In rock, jazz, and blues, improvisation plays a great role for any guitarist. In fact, being a good improviser is much more important than being a good technician. It’s much more important to create honest, credible, and inspired music through improvisation than it is to play with technical accuracy and perfection.

The best musicians in the world are the best improvisers, but they are not necessarily the best practitioners of the instrument. About the only thing that competes with the ability to improvise a good solo is the ability to write a song.

You’re going to take a collection of notes and turn it into music. To do this, use the 5th-position pentatonic scale. This is a slow, gutbucket blues shuffle in A. Don’t forget to swing those eighth notes and remember the blues credo: You don’t have to feel bad to play the blues … but it helps.


Improvising is, at the same time, one of the easiest things to do (just find your notes and go) and one of the hardest (try to make up a meaningful melody on the spot). The more note choices you have, the more vocabulary you’ll be able to pull from to express your message.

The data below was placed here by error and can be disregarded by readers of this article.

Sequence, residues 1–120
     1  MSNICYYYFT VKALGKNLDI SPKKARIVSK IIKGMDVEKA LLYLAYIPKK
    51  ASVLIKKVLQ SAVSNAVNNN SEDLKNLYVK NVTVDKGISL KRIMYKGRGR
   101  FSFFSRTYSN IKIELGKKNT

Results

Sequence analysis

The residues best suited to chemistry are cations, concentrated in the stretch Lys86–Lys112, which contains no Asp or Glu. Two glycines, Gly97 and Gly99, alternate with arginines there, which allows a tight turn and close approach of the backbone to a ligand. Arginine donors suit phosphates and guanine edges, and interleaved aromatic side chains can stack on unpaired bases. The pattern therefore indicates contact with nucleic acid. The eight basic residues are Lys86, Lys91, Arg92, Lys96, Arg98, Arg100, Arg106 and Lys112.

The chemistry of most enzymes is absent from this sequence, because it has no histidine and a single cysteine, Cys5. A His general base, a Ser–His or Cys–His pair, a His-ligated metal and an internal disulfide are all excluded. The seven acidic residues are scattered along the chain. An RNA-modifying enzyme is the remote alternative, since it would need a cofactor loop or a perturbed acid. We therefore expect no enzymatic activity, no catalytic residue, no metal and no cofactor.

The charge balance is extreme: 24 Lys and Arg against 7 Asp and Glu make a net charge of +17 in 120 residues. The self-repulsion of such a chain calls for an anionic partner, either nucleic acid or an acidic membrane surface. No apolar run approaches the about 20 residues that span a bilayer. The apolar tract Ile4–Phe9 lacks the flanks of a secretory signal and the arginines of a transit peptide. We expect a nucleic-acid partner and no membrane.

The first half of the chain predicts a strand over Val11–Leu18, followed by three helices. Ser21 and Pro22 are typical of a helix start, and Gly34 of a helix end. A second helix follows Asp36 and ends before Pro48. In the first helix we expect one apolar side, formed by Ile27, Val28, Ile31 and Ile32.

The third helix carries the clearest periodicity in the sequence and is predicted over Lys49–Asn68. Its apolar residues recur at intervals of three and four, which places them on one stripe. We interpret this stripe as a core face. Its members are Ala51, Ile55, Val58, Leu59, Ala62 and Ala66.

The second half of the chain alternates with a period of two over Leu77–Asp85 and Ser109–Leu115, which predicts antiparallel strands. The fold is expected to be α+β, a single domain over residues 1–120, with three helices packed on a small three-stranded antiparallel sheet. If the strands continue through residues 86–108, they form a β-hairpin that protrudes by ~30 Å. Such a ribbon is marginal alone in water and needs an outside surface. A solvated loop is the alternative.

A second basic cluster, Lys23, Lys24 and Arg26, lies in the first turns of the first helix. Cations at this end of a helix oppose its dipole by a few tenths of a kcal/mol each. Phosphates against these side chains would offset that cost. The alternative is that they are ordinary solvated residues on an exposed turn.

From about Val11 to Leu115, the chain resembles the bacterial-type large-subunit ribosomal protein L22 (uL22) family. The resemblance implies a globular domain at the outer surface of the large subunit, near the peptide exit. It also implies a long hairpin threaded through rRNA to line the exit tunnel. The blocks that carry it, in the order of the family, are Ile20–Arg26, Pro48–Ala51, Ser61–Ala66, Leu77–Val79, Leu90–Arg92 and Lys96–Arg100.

The pentatonic scale is a great way to start making music immediately, but plenty of other scales exist to help you in your music making. And you still have to listen to other guitarists for ideas.

Go outside any scale you use to get unusual notes, and learn passages of classic solos on recordings to see what makes them tick. Above all, you must develop you own sense of phrasing and your own voice.